witch hunt

I am reluctant to link to these two stories, because they may push us into an angry martyr complex. So please don’t take this as merely more evidence that the gospel is unpopular–as if that’s a surprise–but as a heads-up on the double standard we are dealing with.

Terry Mattingly explains that Chick-Fil-A president Dan Cathy didn’t even say what the media says he said and Mollie demonstrates that Cathy would have fared much better if he had been Muslim (But since Muslims also defend traditional marriage, this might make an interesting dilemma for the media).

4 Comments

Add yours →

  1. Tertullian2012 July 26, 2012 — 7:05 pm

    Mike,
    I’ve been trying to figure out why marriage is such a big issue to the gay community. What is so special about legal marriage that it is worth such vicious debate and divisiveness? Seriously – if marriage is nothing but a social construct established by a culture to denote a couple’s special commitment to one another, why is this man-made seal of approval such a big deal? If all marriage is is an application, fee, and a magic incantation in public, than isn’t this to-do really akin to complaining that some people have a college degree and others don’t (oh, wait, we’re having that debate, too). Granted, there are certain legal benefits to being married – joint ownership of assets, power of attorney, rights of survivorship, and such, but truly, apart from spouses not being compelled to testify against one another (which is really only an issue if you are a politician or other career criminal, and frankly, if you really want to keep someone’s secret no court will be able to compel you to speak anyway, so isn’t it actually a greater show of love and commitment to refuse to testify without constitutional protection?) and the right to file taxes jointly, I’m not sure what legal rights are gained by marriage that can’t be obtained by filing the appropriate paperwork with the state. Wills take care of power of attorney and survivorship, any two adults can cosign loans and mortgages, and the coveted health insurance coverage isn’t guaranteed by marriage (nor are non-married parties necessarily excluded from covering one another on insurance, it’s just ridiculously expensive). All marriage really is, from a legal standpoint, is a one-stop process for filing multiple forms with various government agencies. But, if these same sex couples truly love one another, what’s some extra paperwork and fees compared to enjoying the same social standing as the average married couple?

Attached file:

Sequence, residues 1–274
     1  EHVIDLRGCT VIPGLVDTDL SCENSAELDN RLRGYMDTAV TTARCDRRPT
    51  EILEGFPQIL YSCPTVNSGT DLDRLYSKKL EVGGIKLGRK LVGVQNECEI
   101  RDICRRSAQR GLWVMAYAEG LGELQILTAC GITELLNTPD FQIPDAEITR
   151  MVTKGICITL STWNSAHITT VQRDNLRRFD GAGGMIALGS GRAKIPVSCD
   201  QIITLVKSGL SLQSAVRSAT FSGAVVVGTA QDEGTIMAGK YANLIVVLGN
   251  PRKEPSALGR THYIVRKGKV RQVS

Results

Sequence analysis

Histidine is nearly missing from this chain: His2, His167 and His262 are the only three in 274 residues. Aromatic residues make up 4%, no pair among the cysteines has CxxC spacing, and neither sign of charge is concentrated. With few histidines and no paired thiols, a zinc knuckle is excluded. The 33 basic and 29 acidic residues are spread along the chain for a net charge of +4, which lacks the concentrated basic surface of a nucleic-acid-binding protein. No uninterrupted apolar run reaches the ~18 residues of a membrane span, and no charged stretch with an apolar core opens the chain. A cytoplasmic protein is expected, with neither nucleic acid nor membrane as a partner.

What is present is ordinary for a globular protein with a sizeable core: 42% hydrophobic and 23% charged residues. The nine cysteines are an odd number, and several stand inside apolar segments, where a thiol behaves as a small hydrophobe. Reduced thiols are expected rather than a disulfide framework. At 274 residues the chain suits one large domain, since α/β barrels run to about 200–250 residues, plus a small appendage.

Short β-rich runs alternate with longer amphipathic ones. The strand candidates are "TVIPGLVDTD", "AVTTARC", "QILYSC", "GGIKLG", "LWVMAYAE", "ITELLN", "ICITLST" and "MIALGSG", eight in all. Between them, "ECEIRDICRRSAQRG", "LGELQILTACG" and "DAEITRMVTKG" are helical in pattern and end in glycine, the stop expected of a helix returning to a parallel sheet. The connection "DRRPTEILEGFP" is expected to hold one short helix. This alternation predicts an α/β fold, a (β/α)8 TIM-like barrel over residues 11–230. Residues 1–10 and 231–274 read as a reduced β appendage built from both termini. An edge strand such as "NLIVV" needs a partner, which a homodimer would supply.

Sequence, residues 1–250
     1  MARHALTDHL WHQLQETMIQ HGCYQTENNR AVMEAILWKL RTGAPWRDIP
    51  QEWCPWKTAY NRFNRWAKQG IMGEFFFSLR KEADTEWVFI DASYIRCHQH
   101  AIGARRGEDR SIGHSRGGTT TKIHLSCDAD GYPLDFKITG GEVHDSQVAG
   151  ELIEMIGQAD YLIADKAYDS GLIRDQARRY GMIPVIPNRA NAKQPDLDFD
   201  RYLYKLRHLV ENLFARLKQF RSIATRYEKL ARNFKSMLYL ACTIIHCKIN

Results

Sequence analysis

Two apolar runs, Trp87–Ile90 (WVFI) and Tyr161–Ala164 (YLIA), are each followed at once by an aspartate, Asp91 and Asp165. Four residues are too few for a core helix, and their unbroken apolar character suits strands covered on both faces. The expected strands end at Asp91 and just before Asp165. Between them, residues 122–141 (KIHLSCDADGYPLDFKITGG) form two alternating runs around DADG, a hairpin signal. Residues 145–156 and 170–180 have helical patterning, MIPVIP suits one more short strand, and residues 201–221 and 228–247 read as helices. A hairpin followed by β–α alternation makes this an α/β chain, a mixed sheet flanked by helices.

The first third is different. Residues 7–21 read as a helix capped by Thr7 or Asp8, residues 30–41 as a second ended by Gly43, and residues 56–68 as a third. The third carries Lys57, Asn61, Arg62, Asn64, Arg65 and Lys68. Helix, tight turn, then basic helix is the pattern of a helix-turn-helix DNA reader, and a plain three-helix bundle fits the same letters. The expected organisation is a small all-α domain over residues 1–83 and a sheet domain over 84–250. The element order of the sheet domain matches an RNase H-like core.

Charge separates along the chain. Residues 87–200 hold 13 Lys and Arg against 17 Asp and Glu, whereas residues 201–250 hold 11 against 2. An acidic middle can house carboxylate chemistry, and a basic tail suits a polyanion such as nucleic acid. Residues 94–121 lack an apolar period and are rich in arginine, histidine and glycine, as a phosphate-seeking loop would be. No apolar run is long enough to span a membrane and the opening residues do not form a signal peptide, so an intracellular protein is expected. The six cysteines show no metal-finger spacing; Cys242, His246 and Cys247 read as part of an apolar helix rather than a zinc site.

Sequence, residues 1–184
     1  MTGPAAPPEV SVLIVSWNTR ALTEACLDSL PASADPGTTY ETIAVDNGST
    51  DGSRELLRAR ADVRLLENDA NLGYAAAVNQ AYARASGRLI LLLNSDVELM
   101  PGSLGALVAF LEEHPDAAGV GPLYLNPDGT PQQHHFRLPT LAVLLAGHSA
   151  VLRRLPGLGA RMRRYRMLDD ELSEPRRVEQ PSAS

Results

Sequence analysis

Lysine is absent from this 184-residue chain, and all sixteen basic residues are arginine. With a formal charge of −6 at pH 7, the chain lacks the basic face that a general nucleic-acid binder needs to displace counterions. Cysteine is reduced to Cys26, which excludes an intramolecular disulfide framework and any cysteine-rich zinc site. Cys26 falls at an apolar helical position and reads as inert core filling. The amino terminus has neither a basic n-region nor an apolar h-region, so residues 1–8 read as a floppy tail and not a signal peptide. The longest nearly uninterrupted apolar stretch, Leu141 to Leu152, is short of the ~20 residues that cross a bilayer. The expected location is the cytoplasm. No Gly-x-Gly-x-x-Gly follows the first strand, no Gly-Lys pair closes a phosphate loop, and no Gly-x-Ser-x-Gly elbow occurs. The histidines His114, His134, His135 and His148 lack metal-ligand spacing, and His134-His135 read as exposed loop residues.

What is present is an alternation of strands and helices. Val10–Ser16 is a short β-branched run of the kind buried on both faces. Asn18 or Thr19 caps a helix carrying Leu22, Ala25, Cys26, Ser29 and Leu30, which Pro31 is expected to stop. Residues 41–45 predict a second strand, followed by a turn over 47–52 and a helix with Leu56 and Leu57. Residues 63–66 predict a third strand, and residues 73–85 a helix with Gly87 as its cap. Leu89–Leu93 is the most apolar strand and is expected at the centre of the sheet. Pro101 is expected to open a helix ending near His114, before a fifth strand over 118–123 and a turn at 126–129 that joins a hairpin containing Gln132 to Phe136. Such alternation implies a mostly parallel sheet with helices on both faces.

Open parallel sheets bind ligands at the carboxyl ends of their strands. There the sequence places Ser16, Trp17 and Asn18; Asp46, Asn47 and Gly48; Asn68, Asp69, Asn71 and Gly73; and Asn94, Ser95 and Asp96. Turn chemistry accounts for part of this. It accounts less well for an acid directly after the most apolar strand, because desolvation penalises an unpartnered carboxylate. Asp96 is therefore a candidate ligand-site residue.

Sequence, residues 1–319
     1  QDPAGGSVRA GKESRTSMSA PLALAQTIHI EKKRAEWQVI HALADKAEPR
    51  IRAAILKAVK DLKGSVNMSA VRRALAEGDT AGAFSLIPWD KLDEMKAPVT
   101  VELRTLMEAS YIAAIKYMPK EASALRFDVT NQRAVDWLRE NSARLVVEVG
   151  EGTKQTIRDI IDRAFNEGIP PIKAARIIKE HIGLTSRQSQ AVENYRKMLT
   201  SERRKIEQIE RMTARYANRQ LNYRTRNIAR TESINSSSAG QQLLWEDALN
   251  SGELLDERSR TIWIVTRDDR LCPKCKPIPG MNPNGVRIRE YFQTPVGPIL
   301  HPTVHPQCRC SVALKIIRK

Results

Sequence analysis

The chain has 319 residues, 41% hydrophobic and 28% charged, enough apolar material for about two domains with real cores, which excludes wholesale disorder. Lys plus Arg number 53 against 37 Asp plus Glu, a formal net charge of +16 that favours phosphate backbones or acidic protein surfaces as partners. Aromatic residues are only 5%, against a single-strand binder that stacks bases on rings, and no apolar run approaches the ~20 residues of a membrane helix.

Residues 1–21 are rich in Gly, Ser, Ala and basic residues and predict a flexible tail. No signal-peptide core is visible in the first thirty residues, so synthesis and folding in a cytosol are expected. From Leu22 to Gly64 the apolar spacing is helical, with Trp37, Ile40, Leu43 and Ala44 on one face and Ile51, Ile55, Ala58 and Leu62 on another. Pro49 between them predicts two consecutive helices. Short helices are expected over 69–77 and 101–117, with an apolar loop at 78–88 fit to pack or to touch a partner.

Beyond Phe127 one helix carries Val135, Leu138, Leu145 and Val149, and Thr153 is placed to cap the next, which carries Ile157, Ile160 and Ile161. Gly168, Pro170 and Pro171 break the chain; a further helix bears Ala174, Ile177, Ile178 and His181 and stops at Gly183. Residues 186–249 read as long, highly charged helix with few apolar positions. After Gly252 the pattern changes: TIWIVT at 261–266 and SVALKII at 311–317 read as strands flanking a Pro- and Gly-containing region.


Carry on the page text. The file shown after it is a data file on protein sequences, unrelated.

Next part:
My point is that marriage, to be worth all this trouble and complaining, must have some intrinsic value, something more than just a social construct. And if that is true, then changing marriage must somehow change that intrinsic value, making it, most likely, less than it was and therefore negating the purpose for fighting for the right to be married. In the end, I don’t really understand what same sex couples think they are fighting for. The right to pay taxes together? The right to marry is only worth fighting for if marriage as it has always been defined is worth something as it has always been defined. If we change that definition, we lose what makes marriage special and we kill the very thing we were fighting to win.

  2. Mike, Thank you for the heads up on the Terry Mattingly article. I posted it to Facebook and am hoping against hope it doesn’t ignite a firestorm of hysterical comments What is of more fundamental concern to me is the extremism in public discourse that precludes civil and rationale discussion. One of the ways revolution and tyranny have been historically fomented in a society is via an ever increasing extreme shrillness in public debate that leaves no middle ground.

  3. Tully: I think you hit it with this line: “My point is that marriage, to be worth all this trouble and complaining, must have some intrinsic value, something more than just a social construct. And if that is true, then changing marriage must somehow change that intrinsic value, making it, most likely, less than it was and therefore negating the purpose for fighting for the right to be married.”

    I would add that it’s probably not marriage itself that they want so much as what marriage stands for. They dislike being told that they don’t qualify, and they say it makes them feel inferior. I understand why they would say this given their perspective, but shouting discrimination or homophobia doesn’t make it so. In the end, no one can change nature.

  4. Jonathan Shelley July 28, 2012 — 12:12 pm

    Building on Mollie’s argument, I’m wondering if any major religious tradition defines marriage to include same-sex couples. I couldn’t think of any.

Leave a Reply

Fill in your details below or click an icon to log in:

WordPress.com Logo

You are commenting using your WordPress.com account. Log Out / Change )

Twitter picture

You are commenting using your Twitter account. Log Out / Change )

Facebook photo

You are commenting using your Facebook account. Log Out / Change )

Google+ photo

You are commenting using your Google+ account. Log Out / Change )

Connecting to %s

%d bloggers like this: